Top Ten Tuesday: Books on my fall TBR list

This is a post for Top Ten Tuesday, hosted at The Broke and the Bookish. You can find out more and follow along there!

1. The Unstoppable Octobia May by Sharon Flake (September): I really enjoyed Flake’s Pinned when I read it a few years ago. And there’s nothing about this book that doesn’t sound awesome!

2. Winterfrost by Michelle Houts (September): I mostly picked this one up on the strength of the cover, and the intriguing blurb.

3. Love is the Drug by Alaya Dawn Johnson (September): I had mixed feelings about Johnson’s debut, The Summer Prince, but her writing was so strong that I’m definitely planning to pick this one up.

4. I’ll Give You the Sun by Jandy Nelson (September): I read Nelson’s The Sky is Everywhere fairly recently and liked it.

5. The Whispering Skull by Jonathan Stroud (September): I loved the first book in Stroud’s Lockwood & Co. series! I have this one now and can’t wait to start it.

6. Unmade by Sarah Rees Brennan (September): Out today! Last in the Lynburn Legacy trilogy! It will break your heart! I’ve already read it, thanks to Net Galley, but I couldn’t resist including it here.

7. Ancillary Sword by Ann Leckie (October): Ancillary Justice, Leckie’s Hugo winning novel (!), was definitely one of my favorite books in the last year. It’s so, SO good. I’m looking forward to this one, in that nervous “How can it live up to my expectations?” way.

8. Perfectly Good White Boy by Carrie Mesrobian (October): Mesrobian’s Sex & Violence was one of my favorite books from my Cybils reading last year, and I’m definitely excited to see what she does next.

9. Blue Lily, Lily Blue by Maggie Stiefvater (October): I have no idea what’s going to happen in this book, because Maggie Stiefvater always manages to surprise me. I’m pretty sure I’ll end up overcome by my feels at some point.

10. The Accidental Highwayman by Ben Tripp (October): This is one I haven’t heard much about, but it sounds so fun! I’m hoping it’s good.


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Cybils 2014

As I can now say, since it’s been announced, I’m going to be a judge for the Cybils Awards again! This year I’ll be in the Elementary/Middle Grade Speculative Fiction category, doing Round 1 judging. I’m really excited about this, and happy to be working with my fellow Round 1 judges.

This also means that from October-mid December I’ll be reading SO MUCH. When nominations open, be sure to nominate your favorites from the past year!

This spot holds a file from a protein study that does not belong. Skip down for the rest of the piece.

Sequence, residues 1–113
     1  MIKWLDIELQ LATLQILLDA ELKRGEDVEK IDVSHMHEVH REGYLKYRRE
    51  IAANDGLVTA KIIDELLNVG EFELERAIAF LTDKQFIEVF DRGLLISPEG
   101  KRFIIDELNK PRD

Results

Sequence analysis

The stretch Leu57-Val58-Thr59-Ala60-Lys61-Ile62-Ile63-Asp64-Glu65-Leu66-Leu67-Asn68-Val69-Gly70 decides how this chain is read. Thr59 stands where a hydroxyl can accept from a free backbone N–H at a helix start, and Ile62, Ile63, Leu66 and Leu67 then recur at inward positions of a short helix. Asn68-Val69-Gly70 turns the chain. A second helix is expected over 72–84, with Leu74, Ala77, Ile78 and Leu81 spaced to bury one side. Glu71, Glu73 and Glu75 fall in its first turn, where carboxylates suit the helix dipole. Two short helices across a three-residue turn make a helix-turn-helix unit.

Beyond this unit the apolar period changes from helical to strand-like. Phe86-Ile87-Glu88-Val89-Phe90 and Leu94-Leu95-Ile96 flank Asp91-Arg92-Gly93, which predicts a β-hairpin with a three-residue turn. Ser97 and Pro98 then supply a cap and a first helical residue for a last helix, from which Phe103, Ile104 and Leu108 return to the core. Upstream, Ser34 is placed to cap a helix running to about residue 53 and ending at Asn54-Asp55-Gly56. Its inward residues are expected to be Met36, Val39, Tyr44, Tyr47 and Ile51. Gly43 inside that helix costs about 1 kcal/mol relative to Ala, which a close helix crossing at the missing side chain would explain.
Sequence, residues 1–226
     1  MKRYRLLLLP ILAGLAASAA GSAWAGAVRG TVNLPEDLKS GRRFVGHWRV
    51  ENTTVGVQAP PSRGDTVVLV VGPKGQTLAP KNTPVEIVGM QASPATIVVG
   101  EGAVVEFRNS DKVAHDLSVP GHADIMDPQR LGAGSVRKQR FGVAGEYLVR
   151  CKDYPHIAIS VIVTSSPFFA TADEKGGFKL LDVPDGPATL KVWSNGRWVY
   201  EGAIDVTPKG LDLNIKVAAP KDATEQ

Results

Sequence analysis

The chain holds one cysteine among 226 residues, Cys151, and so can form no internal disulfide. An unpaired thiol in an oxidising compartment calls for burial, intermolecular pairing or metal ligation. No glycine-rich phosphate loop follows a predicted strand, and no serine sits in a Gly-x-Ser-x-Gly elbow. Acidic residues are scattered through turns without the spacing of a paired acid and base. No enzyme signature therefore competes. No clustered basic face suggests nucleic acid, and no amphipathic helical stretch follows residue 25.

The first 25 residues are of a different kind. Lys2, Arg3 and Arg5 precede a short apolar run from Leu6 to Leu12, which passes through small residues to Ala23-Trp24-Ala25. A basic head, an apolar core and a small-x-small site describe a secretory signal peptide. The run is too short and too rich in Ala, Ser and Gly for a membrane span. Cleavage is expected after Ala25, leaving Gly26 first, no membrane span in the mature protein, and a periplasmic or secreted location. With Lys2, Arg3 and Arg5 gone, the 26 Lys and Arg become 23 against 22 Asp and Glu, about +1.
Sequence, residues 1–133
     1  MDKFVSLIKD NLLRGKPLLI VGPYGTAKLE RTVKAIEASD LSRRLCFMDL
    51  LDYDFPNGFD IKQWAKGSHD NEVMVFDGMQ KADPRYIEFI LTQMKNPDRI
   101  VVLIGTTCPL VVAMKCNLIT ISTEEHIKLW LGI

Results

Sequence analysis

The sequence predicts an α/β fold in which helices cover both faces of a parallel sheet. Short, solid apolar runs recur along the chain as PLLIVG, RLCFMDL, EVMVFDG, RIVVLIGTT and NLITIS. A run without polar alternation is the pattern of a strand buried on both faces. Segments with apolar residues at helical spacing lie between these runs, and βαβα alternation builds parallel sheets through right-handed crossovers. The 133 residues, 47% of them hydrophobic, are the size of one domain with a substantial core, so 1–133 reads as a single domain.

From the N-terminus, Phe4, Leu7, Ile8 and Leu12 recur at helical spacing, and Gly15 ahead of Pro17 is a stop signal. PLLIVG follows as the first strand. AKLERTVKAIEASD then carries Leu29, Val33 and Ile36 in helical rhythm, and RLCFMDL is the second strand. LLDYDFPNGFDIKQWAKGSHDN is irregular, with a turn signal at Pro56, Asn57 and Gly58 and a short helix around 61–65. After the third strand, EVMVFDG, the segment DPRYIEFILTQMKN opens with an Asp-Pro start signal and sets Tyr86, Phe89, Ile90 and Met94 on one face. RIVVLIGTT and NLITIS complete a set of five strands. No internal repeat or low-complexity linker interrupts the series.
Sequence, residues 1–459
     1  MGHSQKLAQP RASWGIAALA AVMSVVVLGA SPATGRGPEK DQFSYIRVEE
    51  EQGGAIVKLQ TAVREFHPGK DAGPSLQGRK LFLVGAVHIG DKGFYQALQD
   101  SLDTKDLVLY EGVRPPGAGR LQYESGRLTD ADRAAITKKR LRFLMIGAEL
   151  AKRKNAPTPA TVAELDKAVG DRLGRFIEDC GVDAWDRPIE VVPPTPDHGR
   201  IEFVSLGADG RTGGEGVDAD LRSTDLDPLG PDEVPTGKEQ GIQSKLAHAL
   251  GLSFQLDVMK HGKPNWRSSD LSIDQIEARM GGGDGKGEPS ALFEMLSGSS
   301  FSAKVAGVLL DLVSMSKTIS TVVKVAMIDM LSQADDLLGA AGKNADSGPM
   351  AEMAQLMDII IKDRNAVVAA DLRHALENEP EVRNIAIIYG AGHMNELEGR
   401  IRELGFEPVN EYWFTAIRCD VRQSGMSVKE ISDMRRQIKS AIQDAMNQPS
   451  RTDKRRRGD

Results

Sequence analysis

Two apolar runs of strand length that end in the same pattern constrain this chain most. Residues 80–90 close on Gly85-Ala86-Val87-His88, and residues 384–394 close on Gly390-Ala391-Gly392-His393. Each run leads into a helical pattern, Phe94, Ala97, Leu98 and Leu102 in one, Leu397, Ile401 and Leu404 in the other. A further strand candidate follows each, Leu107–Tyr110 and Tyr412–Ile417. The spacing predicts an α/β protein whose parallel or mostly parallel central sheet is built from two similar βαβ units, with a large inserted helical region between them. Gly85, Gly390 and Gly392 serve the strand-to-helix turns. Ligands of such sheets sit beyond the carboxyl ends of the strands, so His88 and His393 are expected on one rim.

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Noor Inayat Khan and the SOE

Caveat to the rest of this post: I am waaay not an expert in this field. I’ve done what I would call a fair amount of amateur reading about WWII generally, and a bit about the SOE and its female agents specifically.

Wartime photo of Noor Inayat Khan, from the Imperial War Museum

Wartime photo of Noor Inayat Khan, from the Imperial War Museum

Since Code Name Verity was published in 2012, I’ve become much more aware of the history of the British WWII spy organization called the SOE. One of the main characters in Verity is an SOE agent and wireless operator, the other is a pilot in the WAAF and ATA. One of the interesting aspects of the SOE is its use of female agents, especially in France. This is, of course, a big part of Verity, but it’s also based in fact.

In following Elizabeth Wein’s blog and Twitter, I discovered that one of her inspirations for Verity was a fascinating woman named Noor Inayat Khan (who, it’s worth noting, was half-Indian and Muslim). I’ve seen several posts on Tumblr about Noor recently, and through them discovered that there was a recent documentary that aired on PBS*. The documentary is called “Enemy of the Reich” and should still be available for online viewing if you’re in the US.

Since there’s a bit of a surge of interest, I thought I would pull together a few resources for those who are interested in finding out more about Noor Inayat Khan and the SOE more generally. Again, see the caveat: if you know of resources I haven’t listed here, PLEASE let me know and I’ll add them!

Wikipedia page
2006 article from The Independent
An essay from the producer of “Enemy of the Reich”
Nice overview profile
The Imperial War Museum’s SOE page
Some more photos from various points of Noor Inayat Khan’s life
(There are also some articles in the Times (London) which I’m not linking to because they’re behind a paywall. If you have access, they’re easy to find by searching.)

A Life in Secrets: Vera Atkins and the Missing Agents of WWII by Sarah Helm (my review)**
Spy Princess: The Life of Noor Inayat Khan by Shrabani Basu
The Women Who Lived For Danger: The Women Agents of SOE in the Second World War by Marcus Binney
Churchill’s Angels by Bernard O’Connor (I started this one and somehow O’Connor manages to render his subject extremely dry)
Noor-un-nisa Inayat Khan: Madeleine by Jean Overton Fuller (a personal friend of Noor Inayat Khan in England)

In the end, it’s easy to get hung up on the romantic details of Noor Inayat Khan’s short life. But what strikes me is her bravery, her resourcefulness, and her sheer toughness in the face of conditions that would overwhelm most people.

* I thought it was quite touching and well done overall, although I believe they completely messed up on the fact that Noor was born in Moscow, not St. Petersburg! I appreciated the fact that they were able to get quite a bit of information and commentary from Noor’s family, which gave a very personal sense to the documentary. I did wish they had mentioned Vera Atkins, although I know they were trying to fit everything in an hour.

** Helm is also coming out with a book about Ravensbruck


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Favorite Authors: R.J. Anderson

I first heard about RJ Anderson’s books because she’s been an active member of the Sounis LiveJournal group, which is to say that we have some personal connection. But I just love her books, for several reasons: she writes stories that feel fresh, I like her characters, and I feel like we share a set of references and interests that make her books feel like coming home. Whether she’s writing about faeries or science fiction, she’s also committed to showing diversity in a quiet but very real way.